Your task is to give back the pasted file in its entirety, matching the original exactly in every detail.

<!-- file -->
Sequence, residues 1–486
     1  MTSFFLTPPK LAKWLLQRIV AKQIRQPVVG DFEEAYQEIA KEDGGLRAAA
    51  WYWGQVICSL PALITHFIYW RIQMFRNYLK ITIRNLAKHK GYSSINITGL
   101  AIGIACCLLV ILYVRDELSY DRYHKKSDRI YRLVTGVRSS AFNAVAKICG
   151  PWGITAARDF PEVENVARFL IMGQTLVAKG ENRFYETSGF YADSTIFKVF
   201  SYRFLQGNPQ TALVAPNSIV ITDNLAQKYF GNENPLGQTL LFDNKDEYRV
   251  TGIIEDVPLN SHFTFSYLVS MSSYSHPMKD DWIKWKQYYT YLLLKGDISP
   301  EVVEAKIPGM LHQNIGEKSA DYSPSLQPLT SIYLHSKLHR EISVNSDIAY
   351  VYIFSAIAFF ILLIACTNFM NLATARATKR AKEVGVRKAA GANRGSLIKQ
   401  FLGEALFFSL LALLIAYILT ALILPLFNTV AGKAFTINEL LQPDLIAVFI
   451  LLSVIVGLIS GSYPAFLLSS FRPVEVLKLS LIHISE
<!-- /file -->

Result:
Sequence, residues 1–486
     1  MTSFFLTPPK LAKWLLQRIV AKQIRQPVVG DFEEAYQEIA KEDGGLRAAA
    51  WYWGQVICSL PALITHFIYW RIQMFRNYLK ITIRNLAKHK GYSSINITGL
   101  AIGIACCLLV ILYVRDELSY DRYHKKSDRI YRLVTGVRSS AFNAVAKICG
   151  PWGITAARDF PEVENVARFL IMGQTLVAKG ENRFYETSGF YADSTIFKVF
   201  SYRFLQGNPQ TALVAPNSIV ITDNLAQKYF GNENPLGQTL LFDNKDEYRV
   251  TGIIEDVPLN SHFTFSYLVS MSSYSHPMKD DWIKWKQYYT YLLLKGDISP
   301  EVVEAKIPGM LHQNIGEKSA DYSPSLQPLT SIYLHSKLHR EISVNSDIAY
   351  VYIFSAIAFF ILLIACTNFM NLATARATKR AKEVGVRKAA GANRGSLIKQ
   401  FLGEALFFSL LALLIAYILT ALILPLFNTV AGKAFTINEL LQPDLIAVFI
   451  LLSVIVGLIS GSYPAFLLSS FRPVEVLKLS LIHISE